when the flu vaccine becomes available.
- You may also be able to get flu shots with your private doctor
or through a health agency in the Indianapolis area.
- Wash your hands often and well.
Hand washing is effective in preventing the flu, cold and other
infectious diseases. According to the U.S Center for Disease
Control and Prevention (CDC), rubbing your hands together with soap
and water is one of the most important ways to prevent infection.
Disease-causing germs can enter your body when your unwashed hands
touch your nose, eyes, mouth, and open wounds. Make hand washing a
habit and encourage others in your workplace to do the same by
downloading and posting Indiana's Hand Washing Posters. When soap and
water are not available, use an antibacterial hand cleaner. Choose
alcohol hand rubs with 60 - 95% alcohol (usually listed as
isopropyl ethanol or propanol). Glycerol or other skin conditioning
agents are helpful additives. Read the directions and use the hand
rub appropriately. Never wipe the hand rub off; allow your hands to
air dry. When used properly, these sanitizers reduce the
transmission of disease-causing germs.
Other Ways to Prevent the Flu Include
- Avoid touching your eyes, nose or mouth;
- Cover your mouth with tissue when sneezing;
- Stay away from others if you are sick; don't go to class or
- Avoid close contact with people who are sick.
Get Help If You Are Sick
If you develop symptoms of the flu, contact your health-care
provider. They will advise you what you need to do for your
illness. They may ask you to come to the office to be seen. If
symptoms are severe you may be advised to go to the nearest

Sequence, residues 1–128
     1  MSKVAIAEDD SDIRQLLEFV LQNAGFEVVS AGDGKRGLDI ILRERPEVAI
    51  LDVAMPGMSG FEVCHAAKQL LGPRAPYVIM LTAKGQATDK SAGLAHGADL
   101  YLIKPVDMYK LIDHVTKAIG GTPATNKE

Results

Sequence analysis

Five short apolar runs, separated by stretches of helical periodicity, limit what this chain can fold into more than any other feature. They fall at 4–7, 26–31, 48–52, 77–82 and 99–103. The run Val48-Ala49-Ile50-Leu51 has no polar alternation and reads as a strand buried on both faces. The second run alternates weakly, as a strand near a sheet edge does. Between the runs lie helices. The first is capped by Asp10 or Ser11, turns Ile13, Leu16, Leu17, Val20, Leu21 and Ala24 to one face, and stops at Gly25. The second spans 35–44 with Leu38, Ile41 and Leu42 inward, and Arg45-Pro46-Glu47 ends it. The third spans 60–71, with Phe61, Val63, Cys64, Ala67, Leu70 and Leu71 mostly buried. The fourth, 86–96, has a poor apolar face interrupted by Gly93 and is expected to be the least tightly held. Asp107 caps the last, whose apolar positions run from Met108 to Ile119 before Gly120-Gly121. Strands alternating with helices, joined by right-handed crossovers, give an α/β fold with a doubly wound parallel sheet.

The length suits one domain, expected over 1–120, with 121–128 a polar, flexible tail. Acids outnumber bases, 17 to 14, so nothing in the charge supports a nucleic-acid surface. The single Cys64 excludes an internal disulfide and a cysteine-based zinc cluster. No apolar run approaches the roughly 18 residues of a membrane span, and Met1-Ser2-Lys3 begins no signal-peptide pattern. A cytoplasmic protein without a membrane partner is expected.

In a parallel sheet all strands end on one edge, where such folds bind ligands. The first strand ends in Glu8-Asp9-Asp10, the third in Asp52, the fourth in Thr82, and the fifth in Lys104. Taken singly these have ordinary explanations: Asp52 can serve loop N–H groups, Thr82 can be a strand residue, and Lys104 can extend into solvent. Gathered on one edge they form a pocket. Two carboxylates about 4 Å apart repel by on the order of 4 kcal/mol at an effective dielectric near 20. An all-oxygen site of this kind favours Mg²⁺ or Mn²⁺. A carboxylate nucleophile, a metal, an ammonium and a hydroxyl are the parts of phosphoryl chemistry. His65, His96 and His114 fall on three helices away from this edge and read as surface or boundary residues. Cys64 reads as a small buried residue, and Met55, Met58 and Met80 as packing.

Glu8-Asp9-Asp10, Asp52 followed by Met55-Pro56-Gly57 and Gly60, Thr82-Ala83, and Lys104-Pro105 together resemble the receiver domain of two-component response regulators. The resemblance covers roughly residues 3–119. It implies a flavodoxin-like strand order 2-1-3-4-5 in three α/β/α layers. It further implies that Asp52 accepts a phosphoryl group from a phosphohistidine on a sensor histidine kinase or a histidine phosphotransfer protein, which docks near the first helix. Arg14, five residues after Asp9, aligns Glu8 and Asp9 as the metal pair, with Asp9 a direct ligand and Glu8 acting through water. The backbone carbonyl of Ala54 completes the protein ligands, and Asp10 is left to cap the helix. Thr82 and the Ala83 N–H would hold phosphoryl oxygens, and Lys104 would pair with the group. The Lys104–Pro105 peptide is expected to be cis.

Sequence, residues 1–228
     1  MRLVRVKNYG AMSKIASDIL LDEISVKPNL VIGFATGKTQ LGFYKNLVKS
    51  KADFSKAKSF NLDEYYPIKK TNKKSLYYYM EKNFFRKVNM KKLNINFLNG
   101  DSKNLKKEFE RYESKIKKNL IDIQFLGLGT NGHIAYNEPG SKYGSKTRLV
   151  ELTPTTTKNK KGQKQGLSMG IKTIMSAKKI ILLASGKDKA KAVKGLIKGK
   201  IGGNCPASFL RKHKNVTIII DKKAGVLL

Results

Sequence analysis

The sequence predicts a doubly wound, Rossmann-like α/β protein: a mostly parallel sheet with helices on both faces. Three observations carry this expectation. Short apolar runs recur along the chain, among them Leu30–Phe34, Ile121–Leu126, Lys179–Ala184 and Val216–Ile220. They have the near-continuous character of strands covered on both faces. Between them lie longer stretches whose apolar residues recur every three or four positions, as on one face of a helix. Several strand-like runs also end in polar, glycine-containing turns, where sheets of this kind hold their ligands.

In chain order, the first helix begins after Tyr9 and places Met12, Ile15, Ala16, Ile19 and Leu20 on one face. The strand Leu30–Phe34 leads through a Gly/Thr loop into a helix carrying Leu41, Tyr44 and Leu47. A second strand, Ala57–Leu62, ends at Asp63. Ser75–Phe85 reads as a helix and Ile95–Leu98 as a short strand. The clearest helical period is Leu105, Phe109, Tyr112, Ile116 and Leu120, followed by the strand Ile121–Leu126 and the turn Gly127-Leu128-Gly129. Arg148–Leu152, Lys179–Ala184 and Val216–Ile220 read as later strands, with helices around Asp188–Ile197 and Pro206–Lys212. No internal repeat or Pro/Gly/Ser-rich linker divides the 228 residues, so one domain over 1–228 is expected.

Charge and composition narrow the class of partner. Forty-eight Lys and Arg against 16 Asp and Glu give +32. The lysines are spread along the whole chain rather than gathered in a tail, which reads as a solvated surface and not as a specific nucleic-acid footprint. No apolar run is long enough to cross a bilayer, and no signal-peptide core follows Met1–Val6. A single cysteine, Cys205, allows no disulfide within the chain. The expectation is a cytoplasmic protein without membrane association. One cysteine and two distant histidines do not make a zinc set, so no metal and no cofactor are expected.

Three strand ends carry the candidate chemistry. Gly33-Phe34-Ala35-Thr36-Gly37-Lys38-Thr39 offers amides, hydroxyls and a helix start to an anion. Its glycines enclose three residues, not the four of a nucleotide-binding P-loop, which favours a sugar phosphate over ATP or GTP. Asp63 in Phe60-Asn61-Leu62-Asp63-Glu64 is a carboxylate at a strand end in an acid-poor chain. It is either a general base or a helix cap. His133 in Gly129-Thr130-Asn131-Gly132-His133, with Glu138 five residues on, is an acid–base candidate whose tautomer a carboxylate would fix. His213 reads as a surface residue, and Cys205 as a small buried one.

emergency room. There may be medications to relieve your symptoms.
Get plenty of rest, drink lots of liquids, and avoid using alcohol
The flu can be debilitating, causing the person who is ill to be
bedridden for extended periods. Be alert to the well being of your
friends, relatives, and co-workers. Those with the flu may need
assistance in getting medical attention and care.
If you are at special risk from complications of flu, you should
consult your health care provider immediately upon recognizing flu
symptoms. Those at risk include people 65 years or older, people
with chronic medical conditions, or immunosuppressed, pregnant
women, or children.
If You Travel Internationally
As of May 2009 there are no international travel restrictions as
a result of avian or H1N1 flu. If you travel to a country where
either flu is present, avoid poultry farms and open air markets
where poultry is sold for avian flu. Eating pork or pork products
does not cause the H1N1 flu.
The World Health Organization (WHO), the CDC and the U.S.
Department of State issue travel information, alert, warnings and
announcements for public safety, personal security and health
issues. Before you travel internationally please consult the sites
below. WHO, CDC and State Department advisories are updated often
and may differ. When they differ, Butler University recommends
erring on the side of caution by following the most conservative
advice. If an area has a travel advisory or warning in effect, the
safest decision is not to travel unless it is absolutely
For more international travel health information, see:
- U.S. Centers for Disease Control and Prevention (CDC) health
information and recommendations for travel to specific
- U.S. Department of State Current Travel Warnings
- Currently, WHO does not recommend screening travelers from
countries where avian flu is present
If you have recently lived in, or traveled from, an area where
avian or H1N1 flu is present and you now have a fever, headache,
muscle aches or respiratory symptoms, you should call a health care
provider and ask for instructions. Students, faculty, and staff can
call Butler Health Services at (317) 940-9385 and ask to speak with
a nurse prior to visiting the clinic.
For More Information About Seasonal Flu and Pandemic Flu
Health Services Director
Indianapolis, IN 46208
(317) 940-6403 FAX